Here's a star-spangled shortlist of leading writers who have published, or soon will publish, works of fiction since the last Man Booker contest: Kazuo Ishiguro, AL Kennedy, Ali Smith, Will Self, Chimamanda Adichie, Alice Munro. None of them could have featured on this week's long-list. Of course, the final name gives the game away. Canada's doyenne of the story that packs an entire life, and world, into 20 pages might already have won the Man Booker International Prize for career achievement. But the annual competition still shuns volumes of short fiction. Which means as well that first-rank debut collections, such as (this year) Daniyal Mueenuddin's In Other Rooms, Other Wonders, never stand a fighting chance. Should that rule now change?
British publishers still tend to treat collections of short stories as low-status makeweights which either give a foretaste of the "proper" work to come from gifted newcomers or – for established players – keep their name on the shelves while a long-haul novel cooks. Yet the habitual laments about the form's invisibility here have reasons to pipe down a bit. Works such as Ishiguro's linked tales of "music and twilight", Nocturnes, and Adichie's The Thing Around Your Neck have ridden high in the charts. Beyond the Man Booker's cultural ambit, major-league publishers this summer offer collections from outstanding figures such as Egypt's Alaa Al Aswany (Friendly Fire) and the Bosnian-American Aleksandar Hemon (Love and Obstacles).
The Caine Prize for African Writing uncovers treasure after treasure from all over the continent while restricting eligible entries to short fiction alone. In the Manchester-based Comma Press and Salt Publishing in Cambridgeshire, Britain has two high-performing specialist imprints with a robust commitment to the briefer forms. This September will see the next edition of Small Wonder at Charleston in Sussex - a festival dedicated to the great fiction that so often comes in modest parcels.
Could any curious newbie read their way through the landmarks of modern narration without ever tackling any piece longer than 100 or so pages? You can easily imagine an eccentric but high-powered syllabus tailored for the short-winded students of today. Tolstoy would mean compressed masterworks such as Hadji Murat and The Kreutzer Sonata rather than War and Peace; James The Turn of the Screw, The Beast in the Jungle and many other marvels in place of The Golden Bowl; Conrad would stand up as sturdily as ever with nothing longer than Heart of Darkness and The Secret Sharer on the list.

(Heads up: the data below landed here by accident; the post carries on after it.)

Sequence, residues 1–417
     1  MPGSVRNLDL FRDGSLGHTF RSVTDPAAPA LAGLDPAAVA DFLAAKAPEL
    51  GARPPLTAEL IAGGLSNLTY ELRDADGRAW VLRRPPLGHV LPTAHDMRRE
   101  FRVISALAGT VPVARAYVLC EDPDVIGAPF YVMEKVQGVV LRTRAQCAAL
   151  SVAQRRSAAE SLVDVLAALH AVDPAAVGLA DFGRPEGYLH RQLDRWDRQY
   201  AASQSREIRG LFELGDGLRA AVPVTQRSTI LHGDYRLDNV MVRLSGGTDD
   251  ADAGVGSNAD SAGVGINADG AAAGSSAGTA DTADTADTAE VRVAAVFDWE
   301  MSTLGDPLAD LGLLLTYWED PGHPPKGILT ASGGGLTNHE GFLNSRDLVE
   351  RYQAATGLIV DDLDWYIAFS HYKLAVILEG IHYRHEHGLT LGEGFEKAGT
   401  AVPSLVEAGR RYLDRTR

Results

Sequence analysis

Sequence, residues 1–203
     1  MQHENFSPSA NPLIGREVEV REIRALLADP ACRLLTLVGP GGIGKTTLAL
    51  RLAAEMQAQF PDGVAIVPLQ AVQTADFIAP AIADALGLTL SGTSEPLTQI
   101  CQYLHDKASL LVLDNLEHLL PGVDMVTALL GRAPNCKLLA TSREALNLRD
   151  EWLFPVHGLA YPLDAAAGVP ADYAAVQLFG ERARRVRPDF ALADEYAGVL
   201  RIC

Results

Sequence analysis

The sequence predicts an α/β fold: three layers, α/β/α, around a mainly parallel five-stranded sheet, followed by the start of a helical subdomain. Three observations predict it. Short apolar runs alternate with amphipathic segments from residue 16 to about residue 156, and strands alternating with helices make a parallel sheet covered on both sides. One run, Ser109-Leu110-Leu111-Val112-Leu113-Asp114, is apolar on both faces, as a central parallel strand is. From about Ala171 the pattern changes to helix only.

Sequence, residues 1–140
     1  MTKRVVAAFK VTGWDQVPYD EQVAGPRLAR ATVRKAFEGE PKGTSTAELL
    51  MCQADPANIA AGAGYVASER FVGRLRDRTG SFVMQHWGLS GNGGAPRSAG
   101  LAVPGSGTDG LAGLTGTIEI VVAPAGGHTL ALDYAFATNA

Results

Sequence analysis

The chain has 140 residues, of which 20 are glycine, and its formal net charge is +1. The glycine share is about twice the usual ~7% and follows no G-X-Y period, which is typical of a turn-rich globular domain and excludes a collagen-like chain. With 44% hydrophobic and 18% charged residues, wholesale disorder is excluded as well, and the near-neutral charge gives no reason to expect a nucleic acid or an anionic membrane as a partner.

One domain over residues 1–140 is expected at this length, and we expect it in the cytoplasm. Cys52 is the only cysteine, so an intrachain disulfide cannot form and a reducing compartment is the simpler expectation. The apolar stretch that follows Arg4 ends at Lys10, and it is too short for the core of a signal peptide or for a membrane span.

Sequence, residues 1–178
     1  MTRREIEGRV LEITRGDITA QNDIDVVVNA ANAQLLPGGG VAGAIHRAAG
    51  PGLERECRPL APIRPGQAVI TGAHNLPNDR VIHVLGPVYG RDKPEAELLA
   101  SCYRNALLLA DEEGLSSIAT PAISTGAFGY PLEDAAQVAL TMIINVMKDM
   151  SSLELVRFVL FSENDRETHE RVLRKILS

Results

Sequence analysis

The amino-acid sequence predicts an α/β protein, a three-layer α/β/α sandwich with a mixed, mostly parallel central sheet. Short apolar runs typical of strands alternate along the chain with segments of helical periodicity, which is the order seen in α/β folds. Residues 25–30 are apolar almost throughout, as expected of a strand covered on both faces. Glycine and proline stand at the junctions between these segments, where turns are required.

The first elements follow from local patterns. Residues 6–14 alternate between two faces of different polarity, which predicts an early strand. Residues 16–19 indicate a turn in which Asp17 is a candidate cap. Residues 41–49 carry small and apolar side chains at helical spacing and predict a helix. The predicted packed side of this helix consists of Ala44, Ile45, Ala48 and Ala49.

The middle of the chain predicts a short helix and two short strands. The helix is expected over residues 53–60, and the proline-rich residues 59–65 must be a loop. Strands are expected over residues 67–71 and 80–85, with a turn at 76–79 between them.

Then move on to Chekhov, Joyce, Kafka, Kipling, Borges, Lawrence, Nabokov, Singer, Babel, Katherine Mansfield, all the way through to Italo Calvino, Raymond Carver, Grace Paley, Ingo Schulze and the younger Ian McEwan. Whenever anything that matters has happened in global fiction since the 1870s or so, you might plausibly argue that short-ish bursts of innovation have announced the shift of sensibility before the bigger bangs arrived.
Although the Booker spurns stories as such, medium-sized novellas can creep in under its fence. I was among the judges who raised this a fraction to let Anita Desai's flawlessly twinned pair of tales, Fasting, Feasting, onto our shortlist. This year, another sort of jury might have done the same for Geoff Dyer's East-West double-header, Jeff in Venice, Death in Varanasi.
A credible slimline canon of literature must embrace the mid-length narrative, James's "blessed nouvelle", rather than tying up itself up in the ridiculous American ideology of the fixed-length short story. This ritualistic literary bondage, as favoured by US taste-makers such as The New Yorker magazine, has a lot to answer for. Any tale calls for a fitting shape and rhythm, but fiction is more than precision engineering. The only rule is to write originally and well - whether the result takes two, five or twenty thousand words.
P.S.Corporate apologies seldom come more abject than this. After Amazon's unilateral removal of George Orwell's Nineteen Eighty-Four and Animal Farm from its Kindle e-readers after a screw-up over digital rights, cyber-warriors for freedom exploded in anger and scorn. Now Amazon founder and CEO Jeff Bezos (left) has grovelled deep and hard. "Our 'solution' to the problem was stupid, thoughtless, and painfully out of line with our principles. It is wholly self-inflicted, and we deserve the criticism we've received," he whimpered. Unplacated, Pierre Assouline of Le Monde, most magisterial of literary bloggers, writes that since Amazon also deleted customers' own notes on the two books, "the privacy of the reader is violated as never before". When the company gets round to releasing the Kindle in Europe, this episode will not be forgotten.